Photograph by Rus Bowden
Last season's canning was dwindling; each jar of peaches, tomatoes, of blackberry preserves, she wiped clean of dust and then held up to the window so it briefly caught the light, flaring up like something made of blown glass. Anna remembered when each jar had cooled and sealed with a loud, musical ping, in this very kitchen the summer before, when the crop was plentiful.
Now, in the second dry season, the pear trees had been the first to go. The grape vines were dropping their fruit. The corn plants struggled just to come up.
Usually water flowed down from the surrounding mountains to reach their small fields. But not now. Jack hadn't used his tractor at all that year. The weeds weren't even growing. Jack was taking extra jobs on the road crew, while Anna tended the farm and ran the shop.
It was an antique shop, run from the large front parlor of their old and sagging farmhouse. The room was crammed with dusty old things. Many old wooden chairs, porcelain-headed dolls, pieces of Depression glassware. Larger items for which there was no space spilled out onto the rickety front porch. An old iron bed complete with springs. An ancient child's rocking horse with faded red cheeks and lips. Here and there were also more random things that were not antique, car parts and pots and pans, seeming to have been pulled into the great eddy of disorder. There was a small hand painted sign nailed to the eves of the porch reading, "Vintage Rose Antiques."
Most of these things had been in Jack's family. His family had owned the farm going back 120 years. He had lived in the house all his life. Anna had lived there since she married jack 37 years ago, when she was an 18-year-old girl.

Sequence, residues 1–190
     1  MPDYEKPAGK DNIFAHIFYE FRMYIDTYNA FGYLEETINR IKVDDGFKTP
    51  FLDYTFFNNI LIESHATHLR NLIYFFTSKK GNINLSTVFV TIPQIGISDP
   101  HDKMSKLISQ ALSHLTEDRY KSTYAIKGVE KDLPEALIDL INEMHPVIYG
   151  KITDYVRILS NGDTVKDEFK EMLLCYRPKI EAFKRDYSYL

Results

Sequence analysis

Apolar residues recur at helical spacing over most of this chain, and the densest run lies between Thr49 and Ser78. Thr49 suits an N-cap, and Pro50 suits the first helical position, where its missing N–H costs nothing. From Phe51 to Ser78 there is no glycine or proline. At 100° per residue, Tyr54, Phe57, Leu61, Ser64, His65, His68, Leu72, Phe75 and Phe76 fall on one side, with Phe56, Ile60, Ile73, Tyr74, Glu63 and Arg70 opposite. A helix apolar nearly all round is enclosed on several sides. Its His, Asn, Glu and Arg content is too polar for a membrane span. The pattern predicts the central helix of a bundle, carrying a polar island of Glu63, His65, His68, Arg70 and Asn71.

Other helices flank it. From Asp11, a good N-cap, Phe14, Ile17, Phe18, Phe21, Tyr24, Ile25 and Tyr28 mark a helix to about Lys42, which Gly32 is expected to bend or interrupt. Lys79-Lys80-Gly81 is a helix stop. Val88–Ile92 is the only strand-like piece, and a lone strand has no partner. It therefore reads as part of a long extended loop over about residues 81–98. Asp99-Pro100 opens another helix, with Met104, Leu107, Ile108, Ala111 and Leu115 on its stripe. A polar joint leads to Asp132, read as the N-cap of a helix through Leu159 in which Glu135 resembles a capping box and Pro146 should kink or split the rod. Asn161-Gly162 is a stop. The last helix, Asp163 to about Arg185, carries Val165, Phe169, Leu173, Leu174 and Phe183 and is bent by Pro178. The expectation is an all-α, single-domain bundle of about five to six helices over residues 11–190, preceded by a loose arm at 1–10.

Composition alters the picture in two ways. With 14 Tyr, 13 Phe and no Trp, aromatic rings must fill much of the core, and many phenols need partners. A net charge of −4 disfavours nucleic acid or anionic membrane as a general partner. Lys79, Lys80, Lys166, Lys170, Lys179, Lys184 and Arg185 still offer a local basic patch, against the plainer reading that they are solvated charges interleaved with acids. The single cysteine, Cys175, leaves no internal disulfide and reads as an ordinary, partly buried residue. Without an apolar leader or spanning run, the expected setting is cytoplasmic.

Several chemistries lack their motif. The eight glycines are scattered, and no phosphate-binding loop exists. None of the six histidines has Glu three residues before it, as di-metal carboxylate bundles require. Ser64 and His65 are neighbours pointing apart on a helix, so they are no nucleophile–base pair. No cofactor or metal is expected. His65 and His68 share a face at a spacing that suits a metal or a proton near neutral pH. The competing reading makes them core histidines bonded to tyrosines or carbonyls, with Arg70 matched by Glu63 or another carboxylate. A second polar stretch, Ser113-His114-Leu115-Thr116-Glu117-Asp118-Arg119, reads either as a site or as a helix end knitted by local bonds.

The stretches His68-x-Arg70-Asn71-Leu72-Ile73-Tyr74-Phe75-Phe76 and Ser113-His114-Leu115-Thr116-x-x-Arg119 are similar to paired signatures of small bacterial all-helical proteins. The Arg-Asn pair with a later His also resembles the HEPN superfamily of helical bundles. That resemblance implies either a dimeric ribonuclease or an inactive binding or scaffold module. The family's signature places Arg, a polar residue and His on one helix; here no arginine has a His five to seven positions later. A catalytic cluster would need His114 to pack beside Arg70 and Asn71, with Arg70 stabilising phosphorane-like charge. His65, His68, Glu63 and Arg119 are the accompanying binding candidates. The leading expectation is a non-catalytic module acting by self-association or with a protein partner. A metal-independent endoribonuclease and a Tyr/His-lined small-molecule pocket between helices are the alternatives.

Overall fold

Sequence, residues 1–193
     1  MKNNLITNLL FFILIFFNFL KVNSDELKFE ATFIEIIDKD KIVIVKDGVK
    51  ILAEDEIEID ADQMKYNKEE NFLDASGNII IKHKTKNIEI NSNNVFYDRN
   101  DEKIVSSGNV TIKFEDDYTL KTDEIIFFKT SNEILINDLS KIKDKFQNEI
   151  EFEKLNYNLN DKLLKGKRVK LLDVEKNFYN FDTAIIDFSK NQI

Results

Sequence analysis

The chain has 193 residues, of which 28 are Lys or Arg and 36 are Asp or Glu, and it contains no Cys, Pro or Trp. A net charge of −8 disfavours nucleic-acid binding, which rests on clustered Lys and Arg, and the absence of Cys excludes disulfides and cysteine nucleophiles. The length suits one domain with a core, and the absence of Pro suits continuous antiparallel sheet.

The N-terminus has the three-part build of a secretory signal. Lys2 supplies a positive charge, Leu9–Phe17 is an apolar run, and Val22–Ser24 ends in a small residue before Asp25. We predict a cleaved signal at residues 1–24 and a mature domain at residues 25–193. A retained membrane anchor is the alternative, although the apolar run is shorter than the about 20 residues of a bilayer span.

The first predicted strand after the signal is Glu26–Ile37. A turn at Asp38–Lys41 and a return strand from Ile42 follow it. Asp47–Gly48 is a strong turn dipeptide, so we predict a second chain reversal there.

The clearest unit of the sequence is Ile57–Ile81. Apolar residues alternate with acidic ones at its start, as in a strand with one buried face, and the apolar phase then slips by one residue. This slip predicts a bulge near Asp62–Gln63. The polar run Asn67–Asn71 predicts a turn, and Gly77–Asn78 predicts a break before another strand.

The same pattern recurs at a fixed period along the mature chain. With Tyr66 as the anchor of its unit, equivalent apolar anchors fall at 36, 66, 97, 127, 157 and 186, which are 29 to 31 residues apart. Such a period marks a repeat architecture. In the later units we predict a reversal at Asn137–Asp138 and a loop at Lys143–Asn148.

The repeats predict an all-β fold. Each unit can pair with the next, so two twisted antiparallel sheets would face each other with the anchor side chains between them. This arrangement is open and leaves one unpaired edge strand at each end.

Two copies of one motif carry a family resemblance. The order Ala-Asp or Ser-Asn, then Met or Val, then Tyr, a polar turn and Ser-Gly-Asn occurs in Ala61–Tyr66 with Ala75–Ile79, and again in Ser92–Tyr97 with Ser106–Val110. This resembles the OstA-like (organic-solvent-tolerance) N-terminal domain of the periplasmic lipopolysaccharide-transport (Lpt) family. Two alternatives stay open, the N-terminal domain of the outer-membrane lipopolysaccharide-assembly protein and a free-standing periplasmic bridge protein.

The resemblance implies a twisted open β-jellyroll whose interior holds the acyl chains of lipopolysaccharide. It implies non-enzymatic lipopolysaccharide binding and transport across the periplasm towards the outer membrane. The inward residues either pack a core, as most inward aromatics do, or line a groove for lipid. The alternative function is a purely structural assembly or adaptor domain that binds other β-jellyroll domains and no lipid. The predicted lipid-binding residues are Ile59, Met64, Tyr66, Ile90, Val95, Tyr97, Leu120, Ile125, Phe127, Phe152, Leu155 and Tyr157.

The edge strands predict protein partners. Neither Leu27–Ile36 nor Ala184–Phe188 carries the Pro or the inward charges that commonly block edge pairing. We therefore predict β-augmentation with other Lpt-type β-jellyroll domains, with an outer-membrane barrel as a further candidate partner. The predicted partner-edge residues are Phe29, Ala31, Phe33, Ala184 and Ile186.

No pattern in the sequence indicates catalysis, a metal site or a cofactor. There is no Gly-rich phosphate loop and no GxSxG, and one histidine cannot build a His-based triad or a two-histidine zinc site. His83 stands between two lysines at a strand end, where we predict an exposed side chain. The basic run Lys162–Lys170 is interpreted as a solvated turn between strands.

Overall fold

The years had flown by. The kids were grown and gone. She was now a 55-year-old woman who spent most of her time in the company of a black cow named Daisy. Her own husband was becoming a stranger to her. When he wasn't on the road crew, he was often at the one bar downtown. But even when he was home, he seemed shadowy, furtive, less a man than a being of smoke and static, there but not.
Customers came into the shop now and then, mostly in the summer. City folk out looking for a bargain. But when there was nothing to do, she sat at the register, dreamily, head propped on her hand and gazing into a large tarnished mirror across the room. Sometimes the immense quiet of her solitude made Anna think she was hallucinating things. Sometimes she thought she heard a small, still voice saying the word:
It was to be the hottest day of the week, so she went outside early in the morning to tend to her chores. Gathered a few wizened cucumbers. Tossed gravel and grit to the hens. But it was already so oppressively hot, things seemed to glimmer prismatically around the edges, making her put her hand to her head to steady herself.
She could not clear her mind of recent troubling news of her son, Gus. Twenty-two years old, and back on drugs. The pills again, they'd said. He had lost his latest job as an electrician's apprentice for turning up high on the job. Now he rarely left his apartment. Anna had not seen him in months—he and Jack did not get along—but surely she had to go to him, at least to talk? Between worries of him and her daughter Jessica, who worked a good office job for the county but was solitary and overly religious, she was sick with helpless concern. She loved her children with a singularity that might frighten them, if they knew of it. So she tried to keep it quietly inside.
The sky was a burning bright cerulean blue overhead as Anna walked Daisy the cow down to the lake to drink. It was a great manmade lake at the edge of their property that since the drought had been slowly receding and growing smaller; it was rimmed by land once under the water, but was now parched and cracked like the surface of some strange other planet.